As the dust settles from the 2020 B.C. election, parties on both sides of the aisle are reflecting on lessons learned and what comes next.
For the B.C. Liberals, they can hang a significant degree of blame on leadership that is increasingly out of touch with the day-to-day concerns of British Columbians. Leader Andrew Wilkinson is only a symptom of a wider rot in a caucus indifferent to the skyrocketing costs of housing and hostile to reducing income inequality.
In a bold assertion of their loyalty to the province’s wealthiest homeowners, the Liberals actually campaigned on a platform to kill the housing speculation tax. They refused to take responsibility for looking the other way while money laundering in the real estate market helped push housing costs through the roof.
Wilkinson’s comments about renting being a “fun” and “wacky” time of life is only the icing on the cake. When the B.C. Liberals find a new leader and set a new course for the next four years, they would be wise to reconsider their allegiance to the province’s “one per cent.” Their unhinged attack on workers and their unions while asking for their votes was a huge strategic blunder.
The Green party, for all of its claims to be a home for voters who value compassion and democratic values, has once again proven to be a one-trick pony. Not once during the last three and a half years did the caucus or leader reach out to Unifor, Canada’s largest union in the private sector, to learn more about the concerns of B.C.’s working people.
In fact, the only discernible impact on employment law from former B.C. Green party leader Andrew Weaver was to use his (outsized) influence to block the introduction of “card check” for union certification. Card check is a procedure that grants unionization after a majority of employees sign a union card, eliminating the need for a workplace vote that can often be marred by intense anti-union campaigning by the employer.
The lacklustre performance of the opposition is somewhat moot given the powerful performance of John Horgan’s B.C. NDP. Horgan’s new position as premier in a majority government means that pro-worker legislation can no longer be thwarted by the Greens. He should waste no time speeding up B.C.’s economic recovery with policies that improve workers’ rights, spur unionization rates, and create good jobs.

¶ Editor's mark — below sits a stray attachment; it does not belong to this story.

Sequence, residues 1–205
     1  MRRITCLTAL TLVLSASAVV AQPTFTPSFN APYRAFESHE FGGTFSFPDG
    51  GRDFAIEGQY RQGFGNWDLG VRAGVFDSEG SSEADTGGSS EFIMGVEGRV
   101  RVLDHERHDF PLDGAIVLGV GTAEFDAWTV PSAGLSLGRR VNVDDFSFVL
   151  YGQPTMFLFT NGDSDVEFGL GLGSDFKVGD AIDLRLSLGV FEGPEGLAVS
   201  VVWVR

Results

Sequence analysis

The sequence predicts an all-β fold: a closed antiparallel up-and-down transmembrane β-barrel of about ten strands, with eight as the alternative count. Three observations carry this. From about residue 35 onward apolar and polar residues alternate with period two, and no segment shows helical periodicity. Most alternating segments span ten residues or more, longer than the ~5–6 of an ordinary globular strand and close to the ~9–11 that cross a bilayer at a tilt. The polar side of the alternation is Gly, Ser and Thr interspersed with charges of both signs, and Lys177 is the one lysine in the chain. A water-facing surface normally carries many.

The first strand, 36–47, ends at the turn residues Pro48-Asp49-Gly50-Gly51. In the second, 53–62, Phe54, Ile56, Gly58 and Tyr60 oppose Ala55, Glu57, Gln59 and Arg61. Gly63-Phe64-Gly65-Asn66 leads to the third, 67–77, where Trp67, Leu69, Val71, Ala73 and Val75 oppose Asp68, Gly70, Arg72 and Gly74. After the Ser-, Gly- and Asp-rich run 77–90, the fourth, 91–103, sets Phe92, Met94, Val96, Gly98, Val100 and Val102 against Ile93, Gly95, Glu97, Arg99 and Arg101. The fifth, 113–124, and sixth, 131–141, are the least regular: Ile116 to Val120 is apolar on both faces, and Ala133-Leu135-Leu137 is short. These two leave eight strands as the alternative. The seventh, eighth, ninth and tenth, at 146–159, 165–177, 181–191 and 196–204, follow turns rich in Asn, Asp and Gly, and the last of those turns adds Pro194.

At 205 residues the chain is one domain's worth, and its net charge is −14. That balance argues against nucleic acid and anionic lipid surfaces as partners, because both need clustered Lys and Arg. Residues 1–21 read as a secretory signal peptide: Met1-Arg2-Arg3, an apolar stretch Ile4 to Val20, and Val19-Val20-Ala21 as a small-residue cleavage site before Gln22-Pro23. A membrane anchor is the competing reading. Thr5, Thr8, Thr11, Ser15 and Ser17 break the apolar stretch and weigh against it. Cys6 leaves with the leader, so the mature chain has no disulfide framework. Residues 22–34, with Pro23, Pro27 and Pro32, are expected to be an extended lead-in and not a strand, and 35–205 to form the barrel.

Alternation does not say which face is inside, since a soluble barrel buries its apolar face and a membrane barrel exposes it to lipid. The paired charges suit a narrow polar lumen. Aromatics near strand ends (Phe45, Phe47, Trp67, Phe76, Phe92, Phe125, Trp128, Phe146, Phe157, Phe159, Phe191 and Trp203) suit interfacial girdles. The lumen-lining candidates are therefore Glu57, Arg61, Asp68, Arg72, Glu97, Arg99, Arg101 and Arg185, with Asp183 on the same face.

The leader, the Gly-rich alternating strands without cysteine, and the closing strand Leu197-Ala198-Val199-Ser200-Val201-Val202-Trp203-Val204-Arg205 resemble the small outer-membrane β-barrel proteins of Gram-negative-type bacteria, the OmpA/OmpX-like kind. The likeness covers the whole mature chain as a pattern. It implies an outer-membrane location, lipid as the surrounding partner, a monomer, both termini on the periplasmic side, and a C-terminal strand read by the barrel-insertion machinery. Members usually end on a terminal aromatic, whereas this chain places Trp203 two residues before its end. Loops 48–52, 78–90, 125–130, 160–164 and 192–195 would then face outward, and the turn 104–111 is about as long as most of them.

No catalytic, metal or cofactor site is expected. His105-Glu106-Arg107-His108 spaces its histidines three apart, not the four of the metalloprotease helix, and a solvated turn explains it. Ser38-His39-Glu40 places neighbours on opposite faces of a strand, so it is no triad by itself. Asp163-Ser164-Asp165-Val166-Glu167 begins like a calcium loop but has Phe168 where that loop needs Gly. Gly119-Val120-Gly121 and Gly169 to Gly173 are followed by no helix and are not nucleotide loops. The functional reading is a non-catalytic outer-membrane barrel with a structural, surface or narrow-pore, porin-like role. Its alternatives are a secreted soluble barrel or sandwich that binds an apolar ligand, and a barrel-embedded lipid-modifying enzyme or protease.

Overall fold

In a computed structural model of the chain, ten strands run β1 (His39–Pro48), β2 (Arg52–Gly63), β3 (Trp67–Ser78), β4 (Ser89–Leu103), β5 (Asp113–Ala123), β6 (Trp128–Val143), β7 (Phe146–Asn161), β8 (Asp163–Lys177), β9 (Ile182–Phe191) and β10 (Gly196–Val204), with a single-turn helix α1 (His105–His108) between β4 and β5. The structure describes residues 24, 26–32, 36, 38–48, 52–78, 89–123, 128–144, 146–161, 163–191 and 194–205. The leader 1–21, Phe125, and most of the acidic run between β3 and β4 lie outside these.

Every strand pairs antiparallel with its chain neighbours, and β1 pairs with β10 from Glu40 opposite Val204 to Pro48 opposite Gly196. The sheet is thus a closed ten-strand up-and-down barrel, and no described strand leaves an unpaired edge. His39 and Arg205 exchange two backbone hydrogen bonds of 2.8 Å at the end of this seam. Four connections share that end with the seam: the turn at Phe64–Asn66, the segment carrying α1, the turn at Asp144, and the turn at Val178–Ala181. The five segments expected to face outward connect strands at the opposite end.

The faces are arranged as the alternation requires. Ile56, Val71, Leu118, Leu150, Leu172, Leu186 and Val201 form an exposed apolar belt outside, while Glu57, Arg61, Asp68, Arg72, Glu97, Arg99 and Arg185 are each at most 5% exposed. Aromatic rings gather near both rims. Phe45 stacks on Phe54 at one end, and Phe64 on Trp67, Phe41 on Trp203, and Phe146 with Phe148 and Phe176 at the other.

It seems obvious, but it is worth stating that B.C.’s recovery won’t happen on the strength of part-time, precarious, low-paid work. The opposite is true. British Columbia needs the stability that comes with unionized jobs — that is, full-time and well-paid, with benefits.
There are a number of policy changes that are low-hanging fruit for the provincial government. For starters, the Horgan government must move swiftly to remove unnecessary barriers to unionization put in place by the B.C. Liberals at the behest of powerful employers.
Workers in accommodation, food services, and contract building services are perfect examples of the low-wage workers who need immediate and meaningful access to collective bargaining. In this extremely precarious employment, these workers are the most likely to be intimidated by employers, including threats of termination, during a union certification process.
Removing the opportunity for employer intimidation with the “card check” system is one simple step the provincial government should enact immediately.
In the past, employers have howled about being denied a pre-vote period to slander unions. They claim to have their employees’ best interests at heart, but in reality, many of these employers are the same ones fighting minimum wage increases and other pro-worker legislation. The workplace vote process should be recognized for what it is: the employer’s last chance to block the formation of a union.
Employers have suggested that “intimidation” is a two-way street between employers and unions, but that thinking is a gross mischaracterization of the workplace power relationship. Employers regularly terminate pro-union organizers, and that should not be confused with toothless “peer pressure” to sign a union card.
During the government’s 2018 independent review of B.C.’s Labour Relations Code, panel member Sandra Bannister drew the same conclusion: “The idea that employees may be coerced into joining a trade union is not supported by unfair labour practice statistics. Nor is there any evidence to support the suggestion that some employees join trade unions due to peer pressure … card check certification remains the single most effective mechanism to avoid unlawful employer interference and to ensure employee choice.”
As part-time, precarious work proliferates across North America, employers have gained unprecedented power over workers, but the promised payoff of “trickle-down economics” has not arrived. Wages are stagnant and life is increasingly unaffordable for workers and their families.
The new government should move swiftly to enhance the opportunity for workers to democratically grow union density and reduce the economic inequality that has worsened during the COVID-19 economic decline. Good, union jobs are a critical component to an economic recovery that benefits every British Columbian.